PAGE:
This is also important if you specialize in a certain niche, for example, web design services for law firms.
3. Online Behavior
If someone has interacted with your online presence in some way, they are known as a sales qualified lead and are more likely to become a paying customer compared to those who have never interacted with your brand before.
Many businesses score leads based on their online behavior and level of interaction. For example:
- Downloading free content
- Signing up to a mailing list
- Attending a webinar
- Visiting product pages
The level of engagement might also be a factor in determining the lead score, not just a blanket score for any level of interaction.
Not only will this show you which leads to prioritize, but it will also allow your sales team to give a more tailored approach, depending on how they have interacted previously.
4. Email Engagement
You can no longer call a potential customer a lead just because they sign up to your email list. Instead, you need to focus on open and click-through rates when gauging the level of interest.
You can score leads based on the number of emails they opened, the number of links they clicked, and whether they took up any promotional offers.
5. Social Engagement
Social media engagement is another useful lead scoring opportunity but should be used alongside other models. Knowing how engaged your leads are on social media is a good indication they are interested, but it’s not as useful as a lead clicking through on email offers, for example.
When scoring social media, your marketing department should focus on:
- Click through rates
- Shares and mentions
- Level of engagement and follower count (if you’re interested in influencers)
How to Build a Lead Scoring Plan
There are countless models you could potentially use to score your leads – so how do you know which will work best for your marketing?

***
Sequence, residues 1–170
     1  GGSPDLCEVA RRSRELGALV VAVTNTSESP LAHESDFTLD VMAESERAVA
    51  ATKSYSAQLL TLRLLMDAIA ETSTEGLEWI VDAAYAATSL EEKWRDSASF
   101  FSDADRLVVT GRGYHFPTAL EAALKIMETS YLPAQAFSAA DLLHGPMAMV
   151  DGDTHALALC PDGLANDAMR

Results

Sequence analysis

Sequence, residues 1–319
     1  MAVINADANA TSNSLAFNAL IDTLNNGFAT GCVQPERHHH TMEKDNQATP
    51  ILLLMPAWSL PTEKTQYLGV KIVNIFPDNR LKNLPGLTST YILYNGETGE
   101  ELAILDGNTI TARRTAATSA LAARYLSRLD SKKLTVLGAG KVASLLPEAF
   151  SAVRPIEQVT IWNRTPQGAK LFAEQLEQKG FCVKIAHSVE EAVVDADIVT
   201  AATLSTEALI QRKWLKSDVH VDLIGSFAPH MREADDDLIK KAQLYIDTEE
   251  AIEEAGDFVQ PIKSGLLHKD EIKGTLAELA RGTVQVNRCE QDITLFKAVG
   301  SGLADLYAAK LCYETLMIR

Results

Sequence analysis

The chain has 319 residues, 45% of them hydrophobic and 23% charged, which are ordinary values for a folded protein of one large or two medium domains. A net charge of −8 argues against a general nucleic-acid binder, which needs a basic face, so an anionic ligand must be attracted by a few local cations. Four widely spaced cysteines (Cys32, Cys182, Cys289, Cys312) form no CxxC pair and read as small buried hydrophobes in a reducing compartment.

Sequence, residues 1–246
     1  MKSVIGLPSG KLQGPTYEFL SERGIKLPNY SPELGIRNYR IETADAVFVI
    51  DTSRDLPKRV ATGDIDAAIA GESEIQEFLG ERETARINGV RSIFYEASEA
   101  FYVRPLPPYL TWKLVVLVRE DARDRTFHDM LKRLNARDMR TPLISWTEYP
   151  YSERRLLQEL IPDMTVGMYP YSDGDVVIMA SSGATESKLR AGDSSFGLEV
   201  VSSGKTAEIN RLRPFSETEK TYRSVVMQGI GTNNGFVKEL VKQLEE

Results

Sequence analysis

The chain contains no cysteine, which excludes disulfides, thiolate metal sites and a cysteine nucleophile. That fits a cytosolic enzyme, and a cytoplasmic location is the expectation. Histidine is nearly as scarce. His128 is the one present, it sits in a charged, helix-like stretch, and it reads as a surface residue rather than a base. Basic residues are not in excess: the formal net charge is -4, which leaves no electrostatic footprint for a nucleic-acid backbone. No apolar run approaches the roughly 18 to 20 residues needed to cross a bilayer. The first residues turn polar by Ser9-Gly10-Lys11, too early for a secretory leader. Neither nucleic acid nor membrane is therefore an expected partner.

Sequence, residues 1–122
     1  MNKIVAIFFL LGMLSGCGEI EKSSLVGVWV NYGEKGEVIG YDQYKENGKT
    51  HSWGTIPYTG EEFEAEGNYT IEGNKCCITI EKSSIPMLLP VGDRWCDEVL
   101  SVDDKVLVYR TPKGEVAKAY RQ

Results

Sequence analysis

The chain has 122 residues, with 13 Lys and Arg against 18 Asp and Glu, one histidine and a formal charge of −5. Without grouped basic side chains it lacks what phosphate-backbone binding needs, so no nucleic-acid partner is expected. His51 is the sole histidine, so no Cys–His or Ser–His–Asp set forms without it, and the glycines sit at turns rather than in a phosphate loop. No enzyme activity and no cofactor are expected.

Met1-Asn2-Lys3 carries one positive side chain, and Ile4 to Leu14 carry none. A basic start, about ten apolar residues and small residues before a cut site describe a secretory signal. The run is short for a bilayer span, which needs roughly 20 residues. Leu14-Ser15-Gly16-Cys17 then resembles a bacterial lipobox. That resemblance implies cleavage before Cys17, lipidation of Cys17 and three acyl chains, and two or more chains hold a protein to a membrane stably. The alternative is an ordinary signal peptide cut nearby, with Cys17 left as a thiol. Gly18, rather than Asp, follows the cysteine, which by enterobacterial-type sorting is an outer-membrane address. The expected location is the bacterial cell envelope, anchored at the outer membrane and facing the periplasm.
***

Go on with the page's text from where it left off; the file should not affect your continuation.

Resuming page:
- Talk to your sales team
Salespeople talk to ideal customers directly so they will have a pretty good idea of what determines if a lead becomes a customer.
They should be able to tell you useful information about:
- What marketing material leads interact with most
- What web pages are well received
- Which marketing materials they like to send
All of this will be useful when deciding how to begin scoring your leads and which factors to focus on.
- Talk to existing customers
Customers who have already been through your sales process will have invaluable insights for you.
Either put together a quick survey or set up an interview and ask them what they thought were the key drivers that helped them make a sale decision.
You might find your email marketing is where your warm leads are, or perhaps social media is a better driver. You might also find key website pages are high converting.
This will all help you narrow down how to assign your lead scoring strategy.
The Best Lead Scoring Tools
Lead scoring might sound complicated but there are tools out there that use cross-channel lead generation strategies which generate warm leads. This means there’s no need for you to do lead scoring manually.
Bant is an all-in-one marketing automation tool that uses email outreach, social outreach, chatbots, and more to automatically generate qualified leads.
When they are passed over to your sales team, they’ll be significantly easier to convert into paying customers in less time, eliminating the need for manual lead scoring or wasted time on cold leads.
The more you can do to shorten the sales cycle and give your potential customers a better experience, the faster your business will grow.
If you don’t currently have any strategies in place to generate high-quality leads, your sales team will be wasting countless hours talking to the wrong people.
Lead scoring – whether done yourself or with automation software – will make your content marketing effort significantly easier and produce higher conversion rates.
Haven’t seen much progress with your outreach efforts? Maybe it’s time to rethink your sales strategy and put an effective sales process in place.